Treasury Building (Department of the Treasury)
The present Treasury Building was built over a period of 33 years between 1836 and 1869. The east and center wings, designed by Robert Mills, architect of the Washington Monument and the Patent Office Building, comprise the first part of the building constructed between 1836 to 1842. The most architecturally impressive feature of the Mills design is the east colonnade running the length of the building. Each of the 30 columns is 36 feet tall and is carved out of a single piece of granite. The interior design of the east and center wings is classically austere, in keeping with the Greek Revival style.
Later additions were made to the original wings, beginning with the construction of the south wing from 1855 to 1860 and the west wing from 1855- 1864. The preliminary design of the wings was provided by Thomas Ustick Walter, architect of the Capitol dome, but architects Ammi B. Young and Isaiah Rogers refined the plans, designed the interior details, and supervised construction. While the exterior of the building was executed along the lines of the original Mills wings, the interiors of the later wings reflect changes in both building technology and aesthetic tastes. Iron columns and beams reinforced the building's brick vaults; the architectural detailing became much more ornate, following mid-nineteenth century fashion. The final addition to the Treasury Building was the north wing, built from 1867 to 1869. Its architect was Alfred B. Mullett. Similar in construction and decor to the south and west wings, the north wing is unique as the site of the Cash Room -- a two-story marble hall in which the daily financial business of the U.S. Government was transacted. The room opened in 1869 as the site of President Grant's inaugural reception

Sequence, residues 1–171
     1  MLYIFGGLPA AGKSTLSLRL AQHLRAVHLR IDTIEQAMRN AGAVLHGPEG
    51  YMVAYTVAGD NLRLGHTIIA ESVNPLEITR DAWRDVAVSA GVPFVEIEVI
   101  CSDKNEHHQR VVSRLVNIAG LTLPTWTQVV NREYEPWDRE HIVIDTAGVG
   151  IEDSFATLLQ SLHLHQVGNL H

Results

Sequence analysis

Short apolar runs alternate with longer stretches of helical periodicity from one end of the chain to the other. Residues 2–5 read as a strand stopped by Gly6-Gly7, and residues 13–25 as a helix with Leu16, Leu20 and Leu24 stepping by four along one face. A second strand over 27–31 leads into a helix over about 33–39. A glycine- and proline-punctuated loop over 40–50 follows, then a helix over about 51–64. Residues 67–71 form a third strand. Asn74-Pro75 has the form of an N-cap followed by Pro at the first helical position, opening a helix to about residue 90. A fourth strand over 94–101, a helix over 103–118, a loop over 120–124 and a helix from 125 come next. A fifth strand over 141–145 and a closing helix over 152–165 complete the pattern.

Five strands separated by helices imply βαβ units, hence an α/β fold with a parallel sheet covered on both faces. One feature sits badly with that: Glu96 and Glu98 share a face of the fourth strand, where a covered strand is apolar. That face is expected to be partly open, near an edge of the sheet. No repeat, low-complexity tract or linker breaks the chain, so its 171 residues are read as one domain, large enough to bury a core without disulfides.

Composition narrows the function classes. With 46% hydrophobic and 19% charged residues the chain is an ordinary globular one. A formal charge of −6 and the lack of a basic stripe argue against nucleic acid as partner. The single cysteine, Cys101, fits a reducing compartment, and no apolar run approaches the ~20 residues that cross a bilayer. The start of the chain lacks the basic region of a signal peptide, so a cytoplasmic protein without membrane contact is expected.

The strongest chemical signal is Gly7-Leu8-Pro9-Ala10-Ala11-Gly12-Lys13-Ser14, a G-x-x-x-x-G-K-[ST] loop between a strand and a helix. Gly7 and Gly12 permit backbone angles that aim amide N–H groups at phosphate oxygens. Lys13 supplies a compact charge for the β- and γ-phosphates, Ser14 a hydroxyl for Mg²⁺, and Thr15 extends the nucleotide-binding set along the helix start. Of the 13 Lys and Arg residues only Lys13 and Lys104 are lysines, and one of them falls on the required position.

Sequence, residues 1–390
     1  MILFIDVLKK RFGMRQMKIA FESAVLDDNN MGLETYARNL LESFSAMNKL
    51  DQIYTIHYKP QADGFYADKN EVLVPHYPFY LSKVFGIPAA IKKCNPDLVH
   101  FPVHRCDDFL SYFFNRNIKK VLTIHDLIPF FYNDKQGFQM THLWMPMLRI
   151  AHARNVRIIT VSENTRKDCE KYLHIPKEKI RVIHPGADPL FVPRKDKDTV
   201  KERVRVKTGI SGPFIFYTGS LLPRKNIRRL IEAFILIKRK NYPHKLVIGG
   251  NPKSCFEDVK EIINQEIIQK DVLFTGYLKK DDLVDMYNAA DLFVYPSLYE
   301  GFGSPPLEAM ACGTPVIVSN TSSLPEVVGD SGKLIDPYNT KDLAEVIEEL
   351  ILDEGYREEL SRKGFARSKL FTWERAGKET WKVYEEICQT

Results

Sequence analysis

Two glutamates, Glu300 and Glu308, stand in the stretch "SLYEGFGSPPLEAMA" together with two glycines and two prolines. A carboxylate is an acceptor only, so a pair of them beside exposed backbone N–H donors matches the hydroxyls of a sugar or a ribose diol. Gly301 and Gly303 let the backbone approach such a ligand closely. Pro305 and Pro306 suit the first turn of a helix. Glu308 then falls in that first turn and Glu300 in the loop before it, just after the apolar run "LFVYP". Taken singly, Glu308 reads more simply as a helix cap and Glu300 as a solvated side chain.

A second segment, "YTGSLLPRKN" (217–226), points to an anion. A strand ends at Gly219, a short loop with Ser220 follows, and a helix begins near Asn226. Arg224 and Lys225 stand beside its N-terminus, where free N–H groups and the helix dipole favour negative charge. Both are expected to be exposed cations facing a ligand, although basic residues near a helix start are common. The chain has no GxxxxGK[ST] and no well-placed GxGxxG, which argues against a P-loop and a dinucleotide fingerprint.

The Treasury Building is the oldest departmental building in Washington and has had a great impact on the design of other governmental buildings. At the time of its completion, it was one of the largest office buildings in the world. It served as a barracks for soldiers during the Civil War and as the temporary White House for President Andrew Johnson following the assassination of President Lincoln in 1865. The Treasury Building is unquestionably a monument of continuing architectural and historical significance. In acknowledgment of the building's significance, Treasury was declared a National Historic Landmark in 1972.
Guided tours of the building are available free of charge. The tour features restored spaces such as the 1864 Burglar-Proof Vault and the marble Cash Room. Also on the tour is the restored office of Salmon P. Chase, Secretary of the Treasury during the Civil War and the temporary office used by President Andrew Johnson following Abraham Lincoln's assassination, which has been restored to its 1860s appearance.